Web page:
I guess I’m unwittingly doing a series on apostrophes, because after last week’s rant about unnecessary ones, I was watching Keeping Up With the Kardashians and spotted this. I’m hoping this was just a typo, and that the caption writer doesn’t actually think a possessive doesn’t require an apostrophe.
A more advanced tip, which I’ve touched on before: Since the house belongs to Khloe and Lamar as a unit, “Khloe and Lamar’s” is preferred over “Khloe’s and Lamar’s.”
Oh, CVS. How I love your Extra Bucks, which allow me to purchase way more lip glosses and eyeshadows than anyone could use in one lifetime. I do not, however, love your grammar.
This is the kind of mistake that makes me judgmental, because I can’t fathom why people get it wrong. I sometimes see unnecessary apostrophes on a plural word ending in a vowel (like pajamas) or acronym (like CDs), because some people (wrongly) think you can’t pluralize those words without it. But what on earth would make you think the plural of “shot” needs an apostrophe?
There’s about a 1% chance the person who authored this sign meant “The flu shot’s here” and just dropped that initial “the.” But that would be oddly grandiose. Just ditch the apostrophe, dude.
p.s. I never get a flu shot. Am I tempting fate?
Usually I think Tim Gunn can do no wrong. I’ve especially enjoyed the campaign against rudeness he’s embarked upon in the last few weeks, calling out everyone from Taylor Momsen to Anna Wintour for diva-like behavior. But I just cringed to see the mistake in his recent Facebook post. It’s so common, but I expect better from such a conscientious character.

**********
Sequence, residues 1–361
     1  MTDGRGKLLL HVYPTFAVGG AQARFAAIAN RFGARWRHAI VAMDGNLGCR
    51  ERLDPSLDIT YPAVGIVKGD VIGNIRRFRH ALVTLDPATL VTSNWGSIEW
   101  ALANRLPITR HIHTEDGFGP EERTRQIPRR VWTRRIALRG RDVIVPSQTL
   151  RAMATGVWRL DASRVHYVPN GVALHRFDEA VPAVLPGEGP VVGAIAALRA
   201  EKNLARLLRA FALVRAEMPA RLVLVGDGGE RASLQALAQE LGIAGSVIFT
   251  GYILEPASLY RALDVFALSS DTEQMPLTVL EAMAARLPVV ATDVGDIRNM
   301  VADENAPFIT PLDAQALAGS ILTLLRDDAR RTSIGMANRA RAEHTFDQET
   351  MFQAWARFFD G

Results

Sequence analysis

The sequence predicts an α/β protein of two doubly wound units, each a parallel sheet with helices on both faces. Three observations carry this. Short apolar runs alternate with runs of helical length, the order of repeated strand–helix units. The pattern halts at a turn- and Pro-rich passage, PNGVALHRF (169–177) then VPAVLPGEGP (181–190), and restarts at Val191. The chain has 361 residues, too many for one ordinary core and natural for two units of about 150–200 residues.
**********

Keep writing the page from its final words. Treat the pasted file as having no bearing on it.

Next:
Can you spot the mistake? I’ve covered it before. And I even name-checked Project Runway in that post!
A story on one of my favorite YouTube personalities made the classic it's/its error.
Every time I pick up my red pen, there’s a 95 percent chance I’m going to make this correction. Many people have a tough time determining when to use an apostrophe in “its.” This is understandable, considering that it’s another seemingly arbitrary rule. Grammarians somewhere decided that we needed to be able to distinguish between the contraction that means “it is” and the possessive form of “it.” But what they came up with is an easy rule to memorize: When you’re using the contraction, you need an apostrophe. For the possessive, you drop it.
Here are some examples to help you remember:
It’s a shame that so many famous men cheat on their wives.
Condé Nast ceased publication of its parenting magazine, Cookie, last fall.
Now that it’s down to three designers on Project Runway, I think the show definitely has its mojo back.
The next time you write “it’s,” take a moment and think, “Do I mean ‘it is’?” If so, you’re good to go.